Europe’s first great mosque

Abd Al-Rahman, the half-Berber Umayyad prince, was firmly in control of the Iberian peninsula by the time Charlemagne became King of the Franks. He ruled until his death at age 58, which was long past the average life-expectancy of the time. The previously loosely-administered territory of Andalusia became a tightly-controlled kingdom where rebellion was not tolerated.

Abd al-Rahman’s last act to establish a legacy began to make Cordoba into a city of wonders in the time of his sons and grandsons. The mosque of Cordoba had been a primitive cathedral divided in two, for the use of Christians and Muslims. The emir bought out the Christian half and leveled the building site in 785.

There’s no question that Abd al-Rahman was openly competing with the new Abbasid capital, Baghdad. Baghdad was built in a few years by a massive workforce; the remodeling of Cordoba was on the same scale and speed. In one year, the mosque was complete. It’s still standing; it is the oldest Muslim structure in Europe.

The mosque’s building plan was simple. It traced a square with an open courtyard full of orange trees on one side, and a great hall for prayer on the other. The square was as nearly perfect as measurement of that time permitted. The hall was very large and open; its roof was supported by rows and rows of columns and arches.

D. L. Lewis, in God’s Crucible: Islam and the Making of Europe, says that the mosque was made entirely of stones cut for other purposes during Roman and Visigothic times. Marble and granite were mixed with some rare imported porphyry, probably brought from Egypt in Roman times. The pillars were all of Roman regulation height, topped with Roman capitals that didn’t always match each other.  But the Muslim architects made the roof much higher by placing a second tier of arches on top of the first, doubling the possible height. It’s an amazing feat to take columns and blocks cut for other buildings and use them with such precision.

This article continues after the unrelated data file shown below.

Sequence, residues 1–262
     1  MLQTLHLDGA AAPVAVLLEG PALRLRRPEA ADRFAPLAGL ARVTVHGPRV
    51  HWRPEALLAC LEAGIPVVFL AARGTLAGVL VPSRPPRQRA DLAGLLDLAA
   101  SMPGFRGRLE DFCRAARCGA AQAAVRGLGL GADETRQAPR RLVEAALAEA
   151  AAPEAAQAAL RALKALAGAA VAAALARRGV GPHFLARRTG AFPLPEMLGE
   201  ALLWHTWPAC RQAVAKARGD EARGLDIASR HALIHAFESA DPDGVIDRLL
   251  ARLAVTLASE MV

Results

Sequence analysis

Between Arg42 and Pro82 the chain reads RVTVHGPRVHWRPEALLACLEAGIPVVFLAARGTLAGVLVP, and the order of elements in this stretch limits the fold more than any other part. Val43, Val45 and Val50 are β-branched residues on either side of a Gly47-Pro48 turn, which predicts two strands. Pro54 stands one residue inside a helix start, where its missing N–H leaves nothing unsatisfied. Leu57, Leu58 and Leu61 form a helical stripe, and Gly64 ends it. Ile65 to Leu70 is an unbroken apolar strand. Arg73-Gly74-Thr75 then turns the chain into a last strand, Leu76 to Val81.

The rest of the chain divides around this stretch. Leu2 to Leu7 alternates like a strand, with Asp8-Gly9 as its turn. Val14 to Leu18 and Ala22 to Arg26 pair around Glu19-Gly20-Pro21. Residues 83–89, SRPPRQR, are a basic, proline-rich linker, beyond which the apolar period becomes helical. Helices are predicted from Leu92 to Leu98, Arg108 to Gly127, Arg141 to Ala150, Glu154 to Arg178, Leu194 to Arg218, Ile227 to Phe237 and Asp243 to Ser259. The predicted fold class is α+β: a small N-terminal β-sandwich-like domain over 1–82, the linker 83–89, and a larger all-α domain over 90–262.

The horseshoe-shaped arches were not much for load-bearing, but they were pretty. The arches were made of alternating slabs of sandstone and brick: red and white. The inner great prayer hall was a dizzying display of red and white arches in a forest of columns that mounted forty feet high. Over the next centuries, the original square expanded in all directions with rebuilding and remodeling. (Wikimedia Commons has a cute graphic showing each stage of remodeling.)

Arabic script (probably the newly reformed kind coming out of Baghdad) was carved into the stonework all around the mosque. Arabic’s flowing letters are not the easiest script to learn to read, but they are undeniably artistic. By the time Abd al-Rahman built the Great Mosque, Arabic had been ascendant for a hundred years. The translation project in Baghdad was soon copied in Cordoba. Arabic became an international academic language simply because it was the target into which everything was translated. Without a long written tradition of its own, it became the medium of everyone else’s written traditions. Anyone who mastered spoken and written Arabic could learn anything he wanted: Greek philosophy, Indian mathematics, Persian poetry, or Hebrew theology.

Arabic had no effect on the northern kingdoms of England, France and Germany, but it was the dominant language of the Mediterranean. It was spoken as a native language in Sicily and Malta, in addition to nearly all of Iberia. The language still spoken in Malta is a patois of Arabic blended with Latin and Italian. In medieval times, all serious scholars learned Arabic and even Christians and Jews wrote some treatises in Arabic. The Roman Catholic Church, far from being all-powerful, was seriously threatened as a cultural institution. Both Cordoba and Baghdad, on the other hand, were competitively ascendant.


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